They walked until the trees and the bushes was so thick it blocked out the fading sunlight. Suddenly they heard screaming in the distance but could not tell where it came from. They stopped and listened, the screaming came from ahead of them and they ran towards the sound. Branches snapped, and bugs flew into the air as they ran. Sweat poured down Henry’s face, and his shirt stuck to his back. They came to a place where vines ran up the trunks of trees until they disappeared into the leaves. Henry surveyed the trees and saw that the vines covered all the trees causing their trunks to look like they were wrapped with green rope.

“That is the biggest vines I have ever seen,” Adofo said. The vines moved, but Henry dismissed it as his imagination. There was a scream again. They ran to one of the trees and saw one of the Bokors was entangled in the seven inch thick vines that moved like a pit of snakes as it constricted around him. The Bokor eyes looked like it was about to pop out of his head, his mouth was opened as he gasped for breath. Kwao pulled out his machete and began chopping at the vine. Adofo and Donkor joined him and swung their machetes, grunting as they did. Henry turned around and saw the other Bokor ensnared in the vine on another tree. The man was not moving, his tongue hung out of his mouth,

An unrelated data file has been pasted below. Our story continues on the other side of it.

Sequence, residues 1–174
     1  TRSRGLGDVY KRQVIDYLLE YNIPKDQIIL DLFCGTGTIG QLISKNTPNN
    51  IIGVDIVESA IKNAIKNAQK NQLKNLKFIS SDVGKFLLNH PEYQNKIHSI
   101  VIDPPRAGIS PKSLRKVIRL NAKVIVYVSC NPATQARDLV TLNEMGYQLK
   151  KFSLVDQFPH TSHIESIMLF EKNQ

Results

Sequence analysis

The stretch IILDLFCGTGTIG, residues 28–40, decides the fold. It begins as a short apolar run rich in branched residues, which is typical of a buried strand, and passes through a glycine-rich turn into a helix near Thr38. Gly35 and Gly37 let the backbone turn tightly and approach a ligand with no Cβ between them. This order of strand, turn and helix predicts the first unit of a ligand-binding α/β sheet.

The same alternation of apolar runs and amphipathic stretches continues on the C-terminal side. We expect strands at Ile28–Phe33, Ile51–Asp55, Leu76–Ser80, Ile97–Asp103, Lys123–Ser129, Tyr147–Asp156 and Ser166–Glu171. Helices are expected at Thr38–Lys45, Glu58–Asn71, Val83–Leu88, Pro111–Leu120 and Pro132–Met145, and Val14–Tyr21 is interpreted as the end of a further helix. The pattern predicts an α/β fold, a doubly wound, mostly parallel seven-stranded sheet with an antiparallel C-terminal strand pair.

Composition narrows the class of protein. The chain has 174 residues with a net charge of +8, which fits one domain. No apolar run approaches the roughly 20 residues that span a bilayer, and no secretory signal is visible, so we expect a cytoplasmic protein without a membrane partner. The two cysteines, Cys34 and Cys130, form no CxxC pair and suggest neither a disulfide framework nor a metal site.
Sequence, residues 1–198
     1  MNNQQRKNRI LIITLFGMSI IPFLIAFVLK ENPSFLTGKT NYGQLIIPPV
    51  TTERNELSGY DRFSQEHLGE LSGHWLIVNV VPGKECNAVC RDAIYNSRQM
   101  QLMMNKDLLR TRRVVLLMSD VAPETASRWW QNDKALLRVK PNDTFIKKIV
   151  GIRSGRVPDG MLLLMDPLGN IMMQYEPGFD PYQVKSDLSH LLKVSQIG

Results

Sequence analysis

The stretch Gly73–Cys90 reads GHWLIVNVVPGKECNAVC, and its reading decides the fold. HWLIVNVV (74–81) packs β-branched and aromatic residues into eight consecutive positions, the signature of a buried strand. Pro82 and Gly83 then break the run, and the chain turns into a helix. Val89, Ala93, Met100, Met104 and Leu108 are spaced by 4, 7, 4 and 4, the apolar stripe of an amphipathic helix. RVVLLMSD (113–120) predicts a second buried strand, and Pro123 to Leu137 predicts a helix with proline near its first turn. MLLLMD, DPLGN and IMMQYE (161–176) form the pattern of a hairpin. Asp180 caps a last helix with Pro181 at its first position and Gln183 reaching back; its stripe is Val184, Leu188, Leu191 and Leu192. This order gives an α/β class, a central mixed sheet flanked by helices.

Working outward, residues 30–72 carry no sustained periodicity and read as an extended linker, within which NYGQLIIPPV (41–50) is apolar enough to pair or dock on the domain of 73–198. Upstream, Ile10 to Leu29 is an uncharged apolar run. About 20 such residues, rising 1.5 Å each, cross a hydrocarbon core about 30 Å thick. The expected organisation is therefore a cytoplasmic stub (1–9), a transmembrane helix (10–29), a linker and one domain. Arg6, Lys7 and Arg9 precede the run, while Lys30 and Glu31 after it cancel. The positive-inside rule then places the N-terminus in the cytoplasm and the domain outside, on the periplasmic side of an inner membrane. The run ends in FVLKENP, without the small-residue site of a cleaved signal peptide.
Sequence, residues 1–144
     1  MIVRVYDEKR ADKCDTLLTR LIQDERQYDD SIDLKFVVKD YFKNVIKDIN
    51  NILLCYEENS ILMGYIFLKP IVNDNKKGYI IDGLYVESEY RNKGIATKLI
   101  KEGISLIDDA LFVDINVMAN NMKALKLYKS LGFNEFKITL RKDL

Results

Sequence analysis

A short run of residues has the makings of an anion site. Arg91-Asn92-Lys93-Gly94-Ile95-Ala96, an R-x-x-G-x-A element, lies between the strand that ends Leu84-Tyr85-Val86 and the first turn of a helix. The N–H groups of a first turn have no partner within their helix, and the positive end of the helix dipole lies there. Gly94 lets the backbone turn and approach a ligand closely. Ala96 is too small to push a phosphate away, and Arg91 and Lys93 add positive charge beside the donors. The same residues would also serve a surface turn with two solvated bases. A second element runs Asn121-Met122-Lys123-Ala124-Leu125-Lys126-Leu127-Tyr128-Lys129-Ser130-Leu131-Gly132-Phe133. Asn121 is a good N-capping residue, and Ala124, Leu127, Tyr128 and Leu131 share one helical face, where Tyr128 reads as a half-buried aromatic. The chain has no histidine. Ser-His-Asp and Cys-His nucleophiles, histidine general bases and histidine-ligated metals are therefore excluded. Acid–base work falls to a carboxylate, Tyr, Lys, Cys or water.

“Over there!” he shouted and ran over, pulling out his machete.